Fewer, Larger Meals Better for Obese Women

It is widely believed that eating several small meals throughout the day is better for weight loss than a few large ones. However, new research is showing evidence that refutes this idea. Researchers at the University of Missouri have found that fewer, larger meals might be the best choice for dieters, especially obese women.

The lead author of the study, Tim Heden, and his team studied the blood-sugar and blood-fat levels of eight obese women over two 12-hour periods. Each of the women consumed 1,500 calories. One day they had three 500 calorie liquid meals while on the other they had six 250 calorie liquid meals, and the level of fat and sugar in their blood was tested every 30 minutes. The results showed that the women who consumed fewer meals had significantly less fat in their blood.

“Eating larger meals less often lowered blood-fat levels,” said Heden. “Over time, consistently eating fewer, larger meals each day could lower the women’s blood-fat levels and thereby lower their risk of developing heart disease.” Heart disease is the leading cause of death in the United States. As obesity is a factor in heart disease, any action an obese person can take to lower their risk of developing heart disease is worthwhile.

Dietary Myths

Heden decided to study the effect of meal size and frequency on obese women because there wasn’t much research available to support the idea that frequent smaller meals are beneficial. His findings challenge the opinions that are popular today, laying the groundwork to debunk a dietary myth. There are many other dietary myths circulating these days. Knowing fact from fiction can help you be as effective as possible in maintaining a healthy weight.

Should You Eat at Night?

A common refrain in the dieting world is that you should stop eating three hours before you go to bed. However, there are not any major studies that prove that eating at night is detrimental. This myth may come from the fact that eating breakfast is linked to lower weight. However, calories are calories no matter when you eat them. Eating a heavy meal right before bed may impact your ability to sleep, but it will not lead to any more weight gain than it would if you ate the same meal at breakfast.

Should You Avoid Fat?

Fat has long been demonized in the diet industry, but there is no reason to avoid it. Fat is an essential part of our diet. Just like proteins and carbohydrates, it should be consumed in moderation. However, you do need to be careful about the types of fats you consume. Mono- and polyunsaturated fats (the types found in fish and some oils) are healthy and necessary, and there is no reason to avoid saturated fat in moderation. However, trans-fats and hydrogenated oils are major contributors to heart disease and should be avoided whenever possible.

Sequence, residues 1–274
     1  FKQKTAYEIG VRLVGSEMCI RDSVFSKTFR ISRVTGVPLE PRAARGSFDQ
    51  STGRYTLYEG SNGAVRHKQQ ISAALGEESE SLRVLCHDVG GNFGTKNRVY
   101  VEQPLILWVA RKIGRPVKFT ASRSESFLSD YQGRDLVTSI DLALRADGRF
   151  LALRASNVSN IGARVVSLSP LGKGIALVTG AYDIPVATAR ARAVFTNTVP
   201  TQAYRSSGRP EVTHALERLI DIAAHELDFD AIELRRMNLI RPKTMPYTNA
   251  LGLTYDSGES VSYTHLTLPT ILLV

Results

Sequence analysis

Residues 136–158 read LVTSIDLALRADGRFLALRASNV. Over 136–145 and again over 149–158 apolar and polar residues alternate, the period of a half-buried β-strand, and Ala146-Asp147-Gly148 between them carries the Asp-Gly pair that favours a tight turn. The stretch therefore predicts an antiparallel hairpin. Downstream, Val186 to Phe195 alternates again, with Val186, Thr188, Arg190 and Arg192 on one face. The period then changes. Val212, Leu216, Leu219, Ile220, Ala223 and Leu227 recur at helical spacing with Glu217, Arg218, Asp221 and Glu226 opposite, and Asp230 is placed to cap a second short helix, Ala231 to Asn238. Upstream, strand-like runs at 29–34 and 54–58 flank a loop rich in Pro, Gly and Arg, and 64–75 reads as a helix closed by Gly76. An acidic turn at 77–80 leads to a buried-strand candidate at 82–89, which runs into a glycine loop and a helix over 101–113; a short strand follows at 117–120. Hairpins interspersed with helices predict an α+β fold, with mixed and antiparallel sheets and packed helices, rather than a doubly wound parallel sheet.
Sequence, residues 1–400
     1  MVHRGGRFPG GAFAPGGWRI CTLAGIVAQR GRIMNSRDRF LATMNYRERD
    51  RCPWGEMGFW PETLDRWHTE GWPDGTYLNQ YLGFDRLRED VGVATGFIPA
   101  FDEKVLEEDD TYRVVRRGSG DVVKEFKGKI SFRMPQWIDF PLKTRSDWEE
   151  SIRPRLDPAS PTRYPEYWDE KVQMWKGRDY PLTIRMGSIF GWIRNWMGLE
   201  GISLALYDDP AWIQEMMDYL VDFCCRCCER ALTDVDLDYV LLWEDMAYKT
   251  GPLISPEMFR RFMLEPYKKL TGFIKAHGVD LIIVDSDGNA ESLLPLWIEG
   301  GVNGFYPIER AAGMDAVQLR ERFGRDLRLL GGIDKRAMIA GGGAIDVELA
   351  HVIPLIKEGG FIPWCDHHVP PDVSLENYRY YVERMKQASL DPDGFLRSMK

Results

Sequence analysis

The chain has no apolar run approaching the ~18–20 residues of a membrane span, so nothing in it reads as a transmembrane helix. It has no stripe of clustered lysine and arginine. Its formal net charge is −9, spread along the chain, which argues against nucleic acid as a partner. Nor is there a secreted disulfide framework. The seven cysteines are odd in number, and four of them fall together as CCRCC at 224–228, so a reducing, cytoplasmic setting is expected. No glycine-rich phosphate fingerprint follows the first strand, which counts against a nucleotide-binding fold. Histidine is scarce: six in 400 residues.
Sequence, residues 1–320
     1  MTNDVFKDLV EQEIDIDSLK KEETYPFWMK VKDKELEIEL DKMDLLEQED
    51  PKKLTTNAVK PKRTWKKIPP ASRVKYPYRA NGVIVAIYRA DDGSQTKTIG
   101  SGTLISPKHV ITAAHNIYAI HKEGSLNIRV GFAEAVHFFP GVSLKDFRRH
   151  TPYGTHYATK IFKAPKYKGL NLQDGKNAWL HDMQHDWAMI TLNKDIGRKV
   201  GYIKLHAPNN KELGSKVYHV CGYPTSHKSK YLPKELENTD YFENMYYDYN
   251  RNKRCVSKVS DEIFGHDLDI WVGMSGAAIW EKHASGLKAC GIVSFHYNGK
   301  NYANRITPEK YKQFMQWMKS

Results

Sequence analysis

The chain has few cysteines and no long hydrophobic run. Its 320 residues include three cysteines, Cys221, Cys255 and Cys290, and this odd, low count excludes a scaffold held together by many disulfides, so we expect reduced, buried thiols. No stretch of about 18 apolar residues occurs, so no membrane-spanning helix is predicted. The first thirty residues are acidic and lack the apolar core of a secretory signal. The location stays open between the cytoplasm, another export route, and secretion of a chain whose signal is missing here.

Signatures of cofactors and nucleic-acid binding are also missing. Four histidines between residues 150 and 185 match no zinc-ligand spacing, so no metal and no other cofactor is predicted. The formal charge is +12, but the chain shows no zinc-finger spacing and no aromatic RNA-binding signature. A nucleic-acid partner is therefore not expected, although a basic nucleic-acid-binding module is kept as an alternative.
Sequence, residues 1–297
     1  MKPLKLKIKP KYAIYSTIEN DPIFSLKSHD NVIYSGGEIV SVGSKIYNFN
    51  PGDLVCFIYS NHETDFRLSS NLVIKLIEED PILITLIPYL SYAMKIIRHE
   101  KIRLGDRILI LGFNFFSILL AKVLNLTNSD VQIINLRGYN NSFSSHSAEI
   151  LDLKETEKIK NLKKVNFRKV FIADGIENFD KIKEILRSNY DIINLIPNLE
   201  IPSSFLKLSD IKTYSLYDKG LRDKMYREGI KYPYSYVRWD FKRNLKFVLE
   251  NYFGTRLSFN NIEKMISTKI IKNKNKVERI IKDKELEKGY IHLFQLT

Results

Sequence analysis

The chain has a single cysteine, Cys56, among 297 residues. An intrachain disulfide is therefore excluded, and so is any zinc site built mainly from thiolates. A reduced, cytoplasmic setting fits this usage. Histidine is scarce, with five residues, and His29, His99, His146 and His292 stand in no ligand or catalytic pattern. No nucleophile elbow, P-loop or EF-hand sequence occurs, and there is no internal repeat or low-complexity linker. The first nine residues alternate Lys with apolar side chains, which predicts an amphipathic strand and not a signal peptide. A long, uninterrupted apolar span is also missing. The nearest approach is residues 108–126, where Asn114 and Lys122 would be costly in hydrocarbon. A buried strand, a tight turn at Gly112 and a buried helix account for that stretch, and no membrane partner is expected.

Does High Fructose Corn Syrup Cause Weight Gain?

In 2003 researchers noticed that obesity was rising at the same time as high fructose corn syrup (HFCS) was becoming more common. They theorized that the body metabolizes corn syrup differently than sugar. A recent study has confirmed this hypothesis, with researchers finding that fructose affects the area of the brain that controls appetite, dampening the satiety response, and does not reduce levels of appetite-inducing ghrelin in the blood the way that glucose does. So definitely try to avoid the HFCS and consume sugar only in small quantities.

Meal Frequency and Overeating

While Tim Heden’s research shows that meal frequency can have an effect on blood-sugar and blood-fat levels, there is another reason why dieters may want to eat less often. “With multiple meals throughout the day, you have to be careful. If you start consuming several meals, there’s more potential to overeat or to make unhealthy snack choices with easily accessible junk food,” said Jill Kanaley, co-author of the University of Missouri study. “The more times you sit down to eat, the more calories you’re probably going to take in.”

Eating more often makes it easier to consume unhealthy foods. Sticking to a few larger meals reduces the temptation to grab a snack that is quick, easy, and fattening. Eating fewer meals is easier for many people, and with the emerging proof that it is healthier it may soon become the preferred choice.

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